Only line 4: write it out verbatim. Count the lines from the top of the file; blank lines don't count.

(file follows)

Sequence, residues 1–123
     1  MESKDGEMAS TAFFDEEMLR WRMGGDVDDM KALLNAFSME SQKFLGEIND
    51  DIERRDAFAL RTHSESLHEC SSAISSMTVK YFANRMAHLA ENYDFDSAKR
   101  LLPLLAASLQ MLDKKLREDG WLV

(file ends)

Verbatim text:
   101  LLPLLAASLQ MLDKKLREDG WLV